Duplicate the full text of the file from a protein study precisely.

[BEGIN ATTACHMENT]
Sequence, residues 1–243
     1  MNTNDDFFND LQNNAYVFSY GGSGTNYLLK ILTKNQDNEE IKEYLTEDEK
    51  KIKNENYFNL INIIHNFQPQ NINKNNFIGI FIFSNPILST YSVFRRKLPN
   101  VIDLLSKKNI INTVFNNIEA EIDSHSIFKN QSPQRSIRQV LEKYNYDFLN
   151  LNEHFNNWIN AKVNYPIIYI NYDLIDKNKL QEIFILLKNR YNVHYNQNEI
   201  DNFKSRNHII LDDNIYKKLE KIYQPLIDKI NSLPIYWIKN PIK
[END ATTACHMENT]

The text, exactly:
Sequence, residues 1–243
     1  MNTNDDFFND LQNNAYVFSY GGSGTNYLLK ILTKNQDNEE IKEYLTEDEK
    51  KIKNENYFNL INIIHNFQPQ NINKNNFIGI FIFSNPILST YSVFRRKLPN
   101  VIDLLSKKNI INTVFNNIEA EIDSHSIFKN QSPQRSIRQV LEKYNYDFLN
   151  LNEHFNNWIN AKVNYPIIYI NYDLIDKNKL QEIFILLKNR YNVHYNQNEI
   201  DNFKSRNHII LDDNIYKKLE KIYQPLIDKI NSLPIYWIKN PIK